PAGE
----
June 7, 2020
From Senator Tom O’Mara:
George Floyd is making his final journey across America — from Minneapolis, where he died, to North Carolina, where he was born, and finally to Houston this week, where he was raised and will be laid to rest. May he rest in peace.
May Mr. Floyd’s children and his entire family somehow begin finding peace in their own lives knowing that the legacy of their father’s journey home could bring with it a better nation. Since May 25, when George Floyd was killed by unconscionable police brutality in Minneapolis — on a city street in broad daylight – this tragedy has been seared into this nation’s awareness and conscience. The video is heartbreaking, appalling, and angering.
The Minneapolis police officers responsible for George Floyd’s death have been criminally charged, as they should be, and the justice system must now follow its appropriate course. Let us pray that we can come together to unite this nation in the condemnation of police abuse and brutality. There can be no place anywhere, in any of our institutions, for racial discrimination, injustice, abuse of authority, or violence. Let us hope – collectively as a society and in each of our individual lives — that somehow out of this brutality, and sadness, and cold-hearted violence, that what will rise, above all else, will be a stronger resolve to seek, to better understand, and to then build on the common ground that we have to keep finding as New Yorkers, as Americans, as human beings.
We must unite, because divided we will eventually but surely fall.
Peaceful protests have been engaged across our region. In Elmira (where I marched with well over a thousand peaceful protesters),Corning, Hornell, Ithaca, Penn Yan, Watkins Glen, and elsewhere, these nonviolent voices are asking us to listen, to hear, to learn, and to try to understand.
In America, there is a fundamental place and an important role for these protests. We are fortunate that these demonstrations in our local area have been peaceful and focused on unity. There is not a place, however, for the intolerable anarchy, rioting, looting, destruction, and anti-police rhetoric and violence that have marred otherwise peaceful protests, as well as diminish the power of Mr. Floyd’s death to give life to lasting change.
This is no time for opportunism – personal, political or otherwise. The actions of the worst in our institutions do not represent the overwhelming good that has perpetuated these institutions and allowed them to carry on. Whether police, politicians, priests, teachers, or you name it – the bad acts of a few in any institution should not be allowed to overshadow the good works of the many and be used to enflame public mistrust.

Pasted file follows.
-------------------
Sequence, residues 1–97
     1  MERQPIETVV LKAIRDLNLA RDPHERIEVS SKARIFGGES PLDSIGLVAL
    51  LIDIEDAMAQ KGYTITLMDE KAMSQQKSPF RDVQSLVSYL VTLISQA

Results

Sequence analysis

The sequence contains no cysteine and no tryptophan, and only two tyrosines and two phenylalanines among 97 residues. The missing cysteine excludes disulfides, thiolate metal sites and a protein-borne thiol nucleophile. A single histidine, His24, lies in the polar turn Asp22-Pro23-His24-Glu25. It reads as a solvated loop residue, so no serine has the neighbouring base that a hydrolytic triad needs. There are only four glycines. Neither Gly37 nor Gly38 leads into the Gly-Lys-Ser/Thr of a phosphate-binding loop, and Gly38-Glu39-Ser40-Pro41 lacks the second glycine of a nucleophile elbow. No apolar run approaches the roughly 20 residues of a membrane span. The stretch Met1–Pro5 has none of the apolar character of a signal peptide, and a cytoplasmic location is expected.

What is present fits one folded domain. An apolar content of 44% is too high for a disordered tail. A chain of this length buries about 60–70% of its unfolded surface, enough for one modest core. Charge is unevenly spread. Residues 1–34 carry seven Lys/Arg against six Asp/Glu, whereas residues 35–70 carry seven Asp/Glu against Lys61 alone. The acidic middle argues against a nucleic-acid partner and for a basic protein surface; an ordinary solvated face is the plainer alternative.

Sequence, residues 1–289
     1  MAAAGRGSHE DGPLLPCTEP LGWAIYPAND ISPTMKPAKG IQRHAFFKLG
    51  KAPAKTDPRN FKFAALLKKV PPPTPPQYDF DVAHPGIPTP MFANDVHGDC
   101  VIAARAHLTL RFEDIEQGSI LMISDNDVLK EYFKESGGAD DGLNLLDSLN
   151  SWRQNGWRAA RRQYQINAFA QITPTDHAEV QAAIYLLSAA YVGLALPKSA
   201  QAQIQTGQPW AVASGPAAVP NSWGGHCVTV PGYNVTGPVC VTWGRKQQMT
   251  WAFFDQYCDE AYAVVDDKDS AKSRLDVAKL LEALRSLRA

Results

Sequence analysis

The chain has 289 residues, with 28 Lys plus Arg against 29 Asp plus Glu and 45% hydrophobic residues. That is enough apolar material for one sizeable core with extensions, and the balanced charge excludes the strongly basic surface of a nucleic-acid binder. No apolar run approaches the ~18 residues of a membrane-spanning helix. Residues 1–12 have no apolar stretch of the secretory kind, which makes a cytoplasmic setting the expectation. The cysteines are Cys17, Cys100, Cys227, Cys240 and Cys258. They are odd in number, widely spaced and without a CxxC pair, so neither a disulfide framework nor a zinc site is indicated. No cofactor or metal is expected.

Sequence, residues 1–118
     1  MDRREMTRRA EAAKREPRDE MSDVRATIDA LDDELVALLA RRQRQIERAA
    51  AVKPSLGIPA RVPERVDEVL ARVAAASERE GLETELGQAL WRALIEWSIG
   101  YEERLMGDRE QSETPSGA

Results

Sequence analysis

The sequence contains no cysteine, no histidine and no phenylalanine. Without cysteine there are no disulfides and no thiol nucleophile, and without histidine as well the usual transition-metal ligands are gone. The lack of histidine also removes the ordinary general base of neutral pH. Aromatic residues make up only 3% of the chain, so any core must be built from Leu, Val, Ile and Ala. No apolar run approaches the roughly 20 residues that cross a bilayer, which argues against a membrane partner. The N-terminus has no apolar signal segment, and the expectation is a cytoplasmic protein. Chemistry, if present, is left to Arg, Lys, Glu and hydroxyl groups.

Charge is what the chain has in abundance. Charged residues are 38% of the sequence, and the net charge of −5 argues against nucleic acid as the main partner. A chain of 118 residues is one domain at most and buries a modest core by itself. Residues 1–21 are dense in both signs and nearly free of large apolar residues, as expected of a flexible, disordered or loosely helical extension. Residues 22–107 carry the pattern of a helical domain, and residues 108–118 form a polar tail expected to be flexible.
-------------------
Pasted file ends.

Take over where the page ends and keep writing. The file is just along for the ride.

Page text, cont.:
This “march for a better future” must go on. We find ourselves facing a perfect storm of public health, economic crisis and, now, civil unrest. We are trying to find our way through it and make sense of it as it’s unfolding. We cannot forget that we are in the middle of a pandemic. Public health has to remain paramount. We need to keep listening to our public health departments because we cannot risk getting set back in the COVID-19 response.
We want to keep our re-openings moving ahead steadily and safely with commonsense steps forward to get as many people as possible back to work, and to reenergize local economies and our communities. For example, if political leaders like Governor Andrew Cuomo are willing to recognize the fundamental Constitutional rights of peaceful protesters, many of whom in many of the places we see on the nightly news are not practicing social distancing, the same recognition should be extended to those hoping to return to their houses of worship, places where they are fully capable of adhering to safety guidelines and more likely to do so. In these trying times a greater connection to God is vitally important. Just imagine if we all followed the Golden Rule to “do unto others as you would have them do unto you,” what a much better world this would be.
Throughout America and here at home, the past 90 days have been a difficult, as well as an emotionally and physically tiring start to this new decade. The work ahead of us to repair and rebuild, rehabilitate and restore, and to find healing and hope, has never been more important.
At least I don’t believe it has ever been more important, and I look forward to joining all of you to help see it through for the sake of our children, grandchildren, and the generations to come. I stand with those seeking justice and unity in our community, and I also stand with our police who do excellent work day in and day out. May God bless us all with peace, strength, and perseverance in this time of great turmoil.